Ad astra vita! – A Brief Overview of the Medical and Physiological Problems Associated with Spaceflight

Introducing our new special guest editor, Philip Vukovic – BSc (Melb). Many thanks to Philip for this wonderful introductory piece for anyone who is curious about the effects of spaceflight on humans.

As we continue to embark on our journey through the austere and challenging environments of space, further research in space medicine and life sciences will become even more important for mission success.

Understanding some of the medical and physiological problems associated with spaceflight will provide the backbone through which we can continue to develop effective means to support the survival, health and performance of astronauts and commercial crew members.

Photo by SpaceX on Unsplash

What are the “space life sciences”?

As defined by NASA, the space life sciences study interactions between living organisms and characteristics of the space environment. These studies specifically address the structure and function of living organisms in space and interdependent relationships of organisms with each other and/or the space environment while also touching on the origin, evolution and potential for extraterrestrial life.

Microgravity

Spaceflight results in many medical and physiological effects on the human body. Many such effects on the human body result due to microgravity, which refers to the near weightlessness environment encountered in space.

As stated by Kunihiko Tanaka et al. (2017), exposure to microgravity can result in changes in the musculoskeletal, cardiovascular, and vestibular systems. Astronauts who are exposed to such environments immediately begin to experience bone loss, which raises concerns about fracture risk and increased long-term risk of osteoporosis. The vestibular system, which helps to maintain balance and provide information about body position, is impacted by microgravity. Once astronauts return to Earth, they are often supported when emerging from the capsule as they may experience problems standing and walking due to microgravity’s effects on the vestibular system.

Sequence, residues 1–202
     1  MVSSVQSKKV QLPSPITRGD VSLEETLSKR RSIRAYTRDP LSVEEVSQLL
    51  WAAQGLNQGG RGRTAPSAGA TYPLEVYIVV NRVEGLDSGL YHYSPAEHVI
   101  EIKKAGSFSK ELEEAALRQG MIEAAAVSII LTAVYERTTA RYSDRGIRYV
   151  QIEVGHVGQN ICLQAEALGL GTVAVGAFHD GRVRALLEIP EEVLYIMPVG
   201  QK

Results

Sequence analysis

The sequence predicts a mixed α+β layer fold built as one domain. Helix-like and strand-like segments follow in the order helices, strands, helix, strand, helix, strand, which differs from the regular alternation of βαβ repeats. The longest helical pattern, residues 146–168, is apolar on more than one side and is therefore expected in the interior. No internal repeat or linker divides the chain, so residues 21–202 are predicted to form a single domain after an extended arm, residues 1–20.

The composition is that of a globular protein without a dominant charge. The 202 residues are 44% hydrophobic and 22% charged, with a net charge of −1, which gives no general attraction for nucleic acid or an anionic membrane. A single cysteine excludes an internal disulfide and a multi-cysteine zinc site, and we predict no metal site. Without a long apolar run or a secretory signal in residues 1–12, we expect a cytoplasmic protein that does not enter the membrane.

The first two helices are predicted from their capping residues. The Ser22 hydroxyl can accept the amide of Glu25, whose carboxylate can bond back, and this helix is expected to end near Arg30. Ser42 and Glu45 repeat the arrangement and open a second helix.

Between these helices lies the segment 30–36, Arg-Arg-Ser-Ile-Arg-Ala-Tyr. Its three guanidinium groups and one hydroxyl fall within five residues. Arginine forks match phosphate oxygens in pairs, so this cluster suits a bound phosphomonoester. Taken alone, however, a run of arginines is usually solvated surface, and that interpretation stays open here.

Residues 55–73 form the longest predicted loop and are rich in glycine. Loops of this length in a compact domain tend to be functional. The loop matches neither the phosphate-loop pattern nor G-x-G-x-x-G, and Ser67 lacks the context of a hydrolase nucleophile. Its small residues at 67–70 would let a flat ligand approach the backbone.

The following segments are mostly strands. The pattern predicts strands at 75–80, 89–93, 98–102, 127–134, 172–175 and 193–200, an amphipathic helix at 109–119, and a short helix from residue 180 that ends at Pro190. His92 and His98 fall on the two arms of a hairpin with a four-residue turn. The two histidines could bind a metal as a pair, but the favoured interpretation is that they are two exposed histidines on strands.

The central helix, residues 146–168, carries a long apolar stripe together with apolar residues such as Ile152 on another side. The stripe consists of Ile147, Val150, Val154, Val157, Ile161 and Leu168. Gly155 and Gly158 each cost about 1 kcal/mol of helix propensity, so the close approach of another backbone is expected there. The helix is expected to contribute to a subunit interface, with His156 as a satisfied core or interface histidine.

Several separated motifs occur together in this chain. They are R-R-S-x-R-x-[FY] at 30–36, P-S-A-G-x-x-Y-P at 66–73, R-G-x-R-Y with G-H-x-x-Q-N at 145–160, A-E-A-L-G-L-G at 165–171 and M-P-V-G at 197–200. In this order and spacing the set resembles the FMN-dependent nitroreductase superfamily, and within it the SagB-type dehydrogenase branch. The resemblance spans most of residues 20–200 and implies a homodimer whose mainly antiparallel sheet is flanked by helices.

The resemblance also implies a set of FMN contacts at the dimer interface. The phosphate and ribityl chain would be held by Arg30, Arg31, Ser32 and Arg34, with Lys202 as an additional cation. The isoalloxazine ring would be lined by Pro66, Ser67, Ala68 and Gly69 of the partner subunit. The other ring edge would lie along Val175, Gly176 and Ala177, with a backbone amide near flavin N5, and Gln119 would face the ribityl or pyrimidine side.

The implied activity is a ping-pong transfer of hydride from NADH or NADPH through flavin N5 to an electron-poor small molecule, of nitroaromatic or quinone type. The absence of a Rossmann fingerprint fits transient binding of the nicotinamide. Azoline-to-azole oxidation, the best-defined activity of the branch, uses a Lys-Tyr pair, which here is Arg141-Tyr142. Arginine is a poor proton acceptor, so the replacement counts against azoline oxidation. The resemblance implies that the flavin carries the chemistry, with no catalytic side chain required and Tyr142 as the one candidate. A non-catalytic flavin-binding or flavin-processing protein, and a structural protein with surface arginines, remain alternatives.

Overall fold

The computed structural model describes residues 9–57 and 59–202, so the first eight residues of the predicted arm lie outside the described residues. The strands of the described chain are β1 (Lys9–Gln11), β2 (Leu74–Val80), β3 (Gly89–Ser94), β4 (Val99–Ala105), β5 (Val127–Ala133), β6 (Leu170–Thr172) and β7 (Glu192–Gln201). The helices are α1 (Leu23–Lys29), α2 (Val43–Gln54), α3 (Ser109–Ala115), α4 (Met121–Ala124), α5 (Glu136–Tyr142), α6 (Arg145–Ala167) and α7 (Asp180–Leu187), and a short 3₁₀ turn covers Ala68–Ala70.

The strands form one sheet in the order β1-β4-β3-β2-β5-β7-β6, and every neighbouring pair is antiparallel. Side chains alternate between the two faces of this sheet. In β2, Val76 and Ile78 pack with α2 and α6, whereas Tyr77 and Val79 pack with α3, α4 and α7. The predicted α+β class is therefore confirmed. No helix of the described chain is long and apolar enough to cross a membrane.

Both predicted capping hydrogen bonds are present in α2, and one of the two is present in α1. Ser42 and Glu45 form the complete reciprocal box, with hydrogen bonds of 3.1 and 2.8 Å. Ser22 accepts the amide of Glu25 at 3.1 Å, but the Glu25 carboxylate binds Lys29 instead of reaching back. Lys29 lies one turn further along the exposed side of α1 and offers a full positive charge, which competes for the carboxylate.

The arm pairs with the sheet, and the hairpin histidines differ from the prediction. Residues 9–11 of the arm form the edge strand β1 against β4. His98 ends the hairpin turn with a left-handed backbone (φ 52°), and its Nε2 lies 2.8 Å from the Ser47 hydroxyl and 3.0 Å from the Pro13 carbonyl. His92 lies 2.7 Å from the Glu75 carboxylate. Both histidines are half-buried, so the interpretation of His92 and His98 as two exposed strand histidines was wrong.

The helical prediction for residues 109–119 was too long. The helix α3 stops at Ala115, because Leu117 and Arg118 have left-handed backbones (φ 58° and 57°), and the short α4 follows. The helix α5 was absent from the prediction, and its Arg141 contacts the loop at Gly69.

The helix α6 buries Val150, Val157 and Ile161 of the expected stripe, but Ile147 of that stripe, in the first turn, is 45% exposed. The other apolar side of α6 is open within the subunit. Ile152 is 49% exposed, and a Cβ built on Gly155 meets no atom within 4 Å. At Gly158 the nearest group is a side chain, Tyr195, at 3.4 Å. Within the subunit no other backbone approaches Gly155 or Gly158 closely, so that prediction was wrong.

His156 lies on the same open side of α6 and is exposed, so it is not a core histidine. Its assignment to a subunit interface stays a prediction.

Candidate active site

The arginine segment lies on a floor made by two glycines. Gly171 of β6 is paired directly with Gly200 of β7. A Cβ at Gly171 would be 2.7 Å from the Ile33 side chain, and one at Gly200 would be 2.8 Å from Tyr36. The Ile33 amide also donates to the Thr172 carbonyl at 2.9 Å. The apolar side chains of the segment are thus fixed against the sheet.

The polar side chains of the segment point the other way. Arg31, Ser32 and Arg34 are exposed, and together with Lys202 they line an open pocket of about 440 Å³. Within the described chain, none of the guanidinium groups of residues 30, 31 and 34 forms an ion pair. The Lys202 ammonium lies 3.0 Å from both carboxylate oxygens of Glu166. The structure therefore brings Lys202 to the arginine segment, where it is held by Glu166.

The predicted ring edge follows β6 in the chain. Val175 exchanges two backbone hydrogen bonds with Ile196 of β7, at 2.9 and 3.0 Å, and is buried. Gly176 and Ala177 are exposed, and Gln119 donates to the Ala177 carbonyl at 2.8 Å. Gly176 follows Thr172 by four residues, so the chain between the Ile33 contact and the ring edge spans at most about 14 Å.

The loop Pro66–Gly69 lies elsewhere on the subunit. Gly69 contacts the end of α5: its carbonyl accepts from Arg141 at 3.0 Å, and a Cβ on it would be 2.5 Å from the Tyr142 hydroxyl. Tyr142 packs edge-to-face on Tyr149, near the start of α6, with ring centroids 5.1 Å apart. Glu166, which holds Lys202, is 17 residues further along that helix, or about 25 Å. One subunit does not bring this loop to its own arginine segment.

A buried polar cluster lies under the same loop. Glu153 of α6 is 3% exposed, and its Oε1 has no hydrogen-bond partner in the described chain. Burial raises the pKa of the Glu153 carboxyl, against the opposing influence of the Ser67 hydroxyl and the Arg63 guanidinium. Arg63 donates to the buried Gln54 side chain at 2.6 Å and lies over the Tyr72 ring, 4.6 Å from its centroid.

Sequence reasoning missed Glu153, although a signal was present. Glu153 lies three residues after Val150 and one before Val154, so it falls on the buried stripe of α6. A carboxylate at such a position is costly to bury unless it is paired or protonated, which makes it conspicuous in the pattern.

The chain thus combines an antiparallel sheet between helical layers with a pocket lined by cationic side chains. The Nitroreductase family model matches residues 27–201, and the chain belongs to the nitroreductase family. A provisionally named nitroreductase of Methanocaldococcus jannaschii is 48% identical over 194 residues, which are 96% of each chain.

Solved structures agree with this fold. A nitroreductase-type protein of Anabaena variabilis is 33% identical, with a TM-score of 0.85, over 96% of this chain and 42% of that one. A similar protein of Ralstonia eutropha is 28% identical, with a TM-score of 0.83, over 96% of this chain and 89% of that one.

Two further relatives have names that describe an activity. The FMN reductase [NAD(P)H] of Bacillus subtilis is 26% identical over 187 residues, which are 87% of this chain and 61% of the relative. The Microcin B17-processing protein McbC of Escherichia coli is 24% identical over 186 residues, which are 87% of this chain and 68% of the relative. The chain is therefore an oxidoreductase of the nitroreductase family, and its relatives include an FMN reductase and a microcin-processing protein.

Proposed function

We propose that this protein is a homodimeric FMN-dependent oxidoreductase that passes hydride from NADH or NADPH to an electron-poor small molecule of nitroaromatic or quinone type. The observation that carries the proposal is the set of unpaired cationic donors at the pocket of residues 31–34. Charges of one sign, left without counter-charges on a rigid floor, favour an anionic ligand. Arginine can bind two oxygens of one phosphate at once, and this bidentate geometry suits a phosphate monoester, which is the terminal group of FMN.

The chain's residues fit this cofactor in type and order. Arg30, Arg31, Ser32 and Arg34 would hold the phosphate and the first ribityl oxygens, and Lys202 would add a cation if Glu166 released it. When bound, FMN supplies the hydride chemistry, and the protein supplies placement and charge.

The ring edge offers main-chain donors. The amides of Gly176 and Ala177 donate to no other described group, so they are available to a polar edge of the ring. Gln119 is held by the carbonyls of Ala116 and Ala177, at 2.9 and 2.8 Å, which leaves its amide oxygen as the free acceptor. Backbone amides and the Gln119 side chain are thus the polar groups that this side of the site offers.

Radiation

Radiation is one of the most menacing and pressing concerns associated with long-duration spaceflight. The risks associated with radiation in spaceflight pose many problems and influence the planning, execution and operational decisions of missions.

Jeffery C. Chancellor et al. (2014) state that exposure to space radiation exacerbates the risk of cancer and increases the likelihood of experiencing central nervous system problems. Space radiation can also narrow arteries and damage the heart, ultimately resulting in cardiovascular disease. On a cellular level, the primary means through which radiation poses a problem, is by damaging DNA. Such effects on DNA may cause several changes to genes, which can potentially lead to cancer.

Isolation and Confinement

Confinement to a small space, with a small group of individuals, over long periods of time will inevitably result in problems. With missions to Mars being in discussion, crews will need to be carefully chosen, trained and supported in order to safely succeed in the 480-million-kilometre journey to Mars and back.

Pagel and Choukèr (2016) highlighted the numerous harmful effects that the human body experiences when subjected to long-periods of isolation and confinement. Various long duration isolation and confinement analogue studies have shown that individuals may experience symptoms of depression, a reduction in positive emotion ratings and cognitive impairment. Quality of sleep can also be significantly affected, posing serious problems to the health of astronauts and to the timely and successful completion of daily space tasks.

Photo by NASA on Unsplash

The frontiers of space medicine

Whilst a plethora of research and literature exists regarding space medicine, further research is necessary to ensure safe manned space explorations. Travelling the cosmos and conducting interplanetary missions will be a bold endeavour, but as former US President John F Kennedy famously proclaimed, “We choose to go to the Moon in this decade and do the other things, not because they are easy, but because they are hard, because that goal will serve to organize and measure the best of our energies and skills, because that challenge is one that we are willing to accept, one we are unwilling to postpone, and one which we intend to win, and the others, too.”

Further Reading

NASA (2013, December 19). About Space Life Sciences Website. Retrieved from https://www.nasa.gov/audience/foreducators/spacelife/about/index.html#.YaBJptBBxPZ.
NASA (2019, May 9). 5 Hazards of Human Spaceflight. Retrieved from https://www.nasa.gov/hrp/5-hazards-of-human-spaceflight.
Tanaka, K., Nishimura, N., & Kawai, Y. (2017). Adaptation to microgravity, deconditioning, and countermeasures. The Journal of Physiological Sciences67(2), 271-281. https://jps.biomedcentral.com/articles/10.1007/s12576-016-0514-8
Chancellor, J. C., Scott, G. B., & Sutton, J. P. (2014). Space radiation: the number one risk to astronaut health beyond low earth orbit. Life4(3), 491-510. https://journals.physiology.org/doi/full/10.1152/japplphysiol.00928.2015
Pagel, J. I., Choukèr, A. (2016). Effects of isolation and confinement on humans-implications for manned space explorations. Journal of Applied Physiology. https://journals.physiology.org/doi/full/10.1152/japplphysiol.00928.2015

Published by the ad astra vita project

The ad astra vita project aims to promote global space biology and health networking, including an annual free and accessible international conference, provide a resources portal related to medicine in austere and extreme environments, and offer a space health consultancy. It is a philanthropic not-for-profit initiative.

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